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How will climate change affect Sydney’s coral reefs?

Worsening environmental pressures due to climate change, such as sea temperature rises, are causing catastrophic losses of corals all over the world. As the waters of the Great Barrier Reef (the world’s largest coral reef ecosystem) warm, subtropical corals are migrating south in search of cooler waters. Sydney’s coastline has recently become home to a new subtropical species of coral (Pocillopora aliciae), raising the question whether this place could become a refuge for corals displaced by climate change.

A new study led by the University of Technology Sydney (UTS) has analyzed the metabolism of these new corals under current and future warming scenarios, and found that these invading subtropical corals will survive and thrive in their new habitat. However, the experts argue that warming could pose significant problems for the native Sydney coral species. 

“While we found these corals possess the machinery to withstand large changes in temperature, those temperatures could kill the existing corals in Sydney. This is incredibly important when we consider the future of Sydney’s precious ecosystems,” said study senior author Jennifer Matthews, a coral biologist at UTS.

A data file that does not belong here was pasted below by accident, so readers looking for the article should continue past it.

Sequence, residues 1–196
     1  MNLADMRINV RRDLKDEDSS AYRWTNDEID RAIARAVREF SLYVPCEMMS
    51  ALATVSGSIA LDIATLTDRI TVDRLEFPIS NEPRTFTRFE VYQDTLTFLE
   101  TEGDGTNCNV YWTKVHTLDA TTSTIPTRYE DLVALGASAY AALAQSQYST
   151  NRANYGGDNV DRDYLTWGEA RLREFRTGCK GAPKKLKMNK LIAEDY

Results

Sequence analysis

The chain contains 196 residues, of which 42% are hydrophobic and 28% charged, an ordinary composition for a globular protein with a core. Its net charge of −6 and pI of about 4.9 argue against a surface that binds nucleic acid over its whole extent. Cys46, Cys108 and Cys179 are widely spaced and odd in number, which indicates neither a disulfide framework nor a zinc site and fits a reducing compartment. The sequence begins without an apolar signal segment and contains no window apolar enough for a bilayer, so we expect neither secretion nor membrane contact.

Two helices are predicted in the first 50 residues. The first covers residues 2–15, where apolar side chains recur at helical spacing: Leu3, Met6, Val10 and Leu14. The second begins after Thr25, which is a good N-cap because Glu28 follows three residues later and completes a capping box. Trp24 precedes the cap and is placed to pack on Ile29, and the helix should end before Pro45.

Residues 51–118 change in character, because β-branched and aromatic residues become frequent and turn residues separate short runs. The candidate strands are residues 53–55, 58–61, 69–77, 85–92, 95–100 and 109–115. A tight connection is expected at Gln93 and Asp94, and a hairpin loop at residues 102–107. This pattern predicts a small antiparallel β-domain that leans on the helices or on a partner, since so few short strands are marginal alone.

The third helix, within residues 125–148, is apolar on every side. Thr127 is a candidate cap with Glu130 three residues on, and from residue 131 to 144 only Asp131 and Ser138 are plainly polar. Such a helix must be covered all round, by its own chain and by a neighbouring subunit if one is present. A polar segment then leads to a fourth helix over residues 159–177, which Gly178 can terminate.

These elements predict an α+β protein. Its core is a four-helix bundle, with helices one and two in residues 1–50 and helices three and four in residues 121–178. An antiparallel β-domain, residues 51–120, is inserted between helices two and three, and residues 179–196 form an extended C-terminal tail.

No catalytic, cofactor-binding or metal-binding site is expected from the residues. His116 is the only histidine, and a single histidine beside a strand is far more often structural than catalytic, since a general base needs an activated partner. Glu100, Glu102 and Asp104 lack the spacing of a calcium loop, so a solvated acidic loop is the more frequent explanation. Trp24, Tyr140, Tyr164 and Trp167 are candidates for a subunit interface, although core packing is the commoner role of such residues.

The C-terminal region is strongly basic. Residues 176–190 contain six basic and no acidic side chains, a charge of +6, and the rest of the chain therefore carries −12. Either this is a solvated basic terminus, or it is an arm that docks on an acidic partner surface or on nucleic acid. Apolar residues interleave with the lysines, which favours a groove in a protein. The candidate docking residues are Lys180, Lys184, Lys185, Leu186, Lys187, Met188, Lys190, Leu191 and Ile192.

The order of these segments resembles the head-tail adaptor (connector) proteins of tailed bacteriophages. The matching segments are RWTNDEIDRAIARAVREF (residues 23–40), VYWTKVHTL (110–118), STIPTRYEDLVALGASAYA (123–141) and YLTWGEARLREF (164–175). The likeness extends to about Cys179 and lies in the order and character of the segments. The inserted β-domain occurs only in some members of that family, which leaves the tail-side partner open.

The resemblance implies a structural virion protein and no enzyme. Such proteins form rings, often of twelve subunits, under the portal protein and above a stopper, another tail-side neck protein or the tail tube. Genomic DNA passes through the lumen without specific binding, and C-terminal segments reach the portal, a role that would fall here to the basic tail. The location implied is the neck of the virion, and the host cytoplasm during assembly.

“The ecological services and economic revenue of the Sydney marine environment make it a very valuable ecosystem, but it is under continuous threat from climate change and urbanization, causing increased stormwater inflows and habitat modification.”

However, according to study co-author Brigitte Sommer (a marine ecologist at UTS), increasing the biodiversity and complexity of Sydney’s marine ecosystems could bring significant benefits, by turning this region into a refuge for reef fish, coral crabs, and potentially other coral species.

“Determining which coral species will be able to migrate poleward in warming seas and how they will interact with local species is critical so we can protect these dynamic ecosystems into the future,” she explained.

“We are continuing to examine how corals can live and breed in temperate, or suboptimal, environments, and how we might use this knowledge to help us to protect Australia’s reefs into the future,” concluded Dr. Matthews.

The study is published in the journal Coral Reef.

By Andrei Ionescu, Staff Writer  

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